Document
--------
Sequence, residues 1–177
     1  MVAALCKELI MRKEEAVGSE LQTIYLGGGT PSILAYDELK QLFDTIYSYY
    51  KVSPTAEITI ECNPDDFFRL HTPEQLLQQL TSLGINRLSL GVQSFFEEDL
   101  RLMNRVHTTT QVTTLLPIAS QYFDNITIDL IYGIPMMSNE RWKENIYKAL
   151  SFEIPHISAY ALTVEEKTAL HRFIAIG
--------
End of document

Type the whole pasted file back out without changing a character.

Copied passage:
Sequence, residues 1–177
     1  MVAALCKELI MRKEEAVGSE LQTIYLGGGT PSILAYDELK QLFDTIYSYY
    51  KVSPTAEITI ECNPDDFFRL HTPEQLLQQL TSLGINRLSL GVQSFFEEDL
   101  RLMNRVHTTT QVTTLLPIAS QYFDNITIDL IYGIPMMSNE RWKENIYKAL
   151  SFEIPHISAY ALTVEEKTAL HRFIAIG